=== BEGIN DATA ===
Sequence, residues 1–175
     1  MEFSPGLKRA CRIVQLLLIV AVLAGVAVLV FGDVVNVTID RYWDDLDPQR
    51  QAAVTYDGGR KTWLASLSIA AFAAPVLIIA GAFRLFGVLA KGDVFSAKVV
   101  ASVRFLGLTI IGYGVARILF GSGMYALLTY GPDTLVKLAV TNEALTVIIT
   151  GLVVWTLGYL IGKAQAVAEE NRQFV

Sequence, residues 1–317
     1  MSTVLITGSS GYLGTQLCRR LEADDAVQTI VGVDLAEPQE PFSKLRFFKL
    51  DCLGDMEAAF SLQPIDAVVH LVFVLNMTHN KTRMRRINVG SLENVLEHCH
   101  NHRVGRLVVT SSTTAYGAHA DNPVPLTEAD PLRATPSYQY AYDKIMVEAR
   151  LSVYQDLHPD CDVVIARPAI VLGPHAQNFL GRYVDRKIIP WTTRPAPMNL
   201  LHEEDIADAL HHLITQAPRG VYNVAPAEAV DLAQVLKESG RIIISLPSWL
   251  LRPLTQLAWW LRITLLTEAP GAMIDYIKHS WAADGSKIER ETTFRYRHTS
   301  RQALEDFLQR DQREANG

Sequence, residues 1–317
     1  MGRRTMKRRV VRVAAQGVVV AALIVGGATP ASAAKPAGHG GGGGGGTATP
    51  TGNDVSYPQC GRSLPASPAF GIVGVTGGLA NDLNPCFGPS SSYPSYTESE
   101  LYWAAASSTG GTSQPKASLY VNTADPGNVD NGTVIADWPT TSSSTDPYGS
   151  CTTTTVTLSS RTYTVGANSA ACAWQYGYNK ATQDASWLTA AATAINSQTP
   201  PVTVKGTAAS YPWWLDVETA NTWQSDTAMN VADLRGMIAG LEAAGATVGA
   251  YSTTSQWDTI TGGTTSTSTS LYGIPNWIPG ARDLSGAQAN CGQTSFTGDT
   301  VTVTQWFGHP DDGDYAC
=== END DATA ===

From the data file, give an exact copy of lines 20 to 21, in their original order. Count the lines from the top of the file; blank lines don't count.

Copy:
   251  YSTTSQWDTI TGGTTSTSTS LYGIPNWIPG ARDLSGAQAN CGQTSFTGDT
   301  VTVTQWFGHP DDGDYAC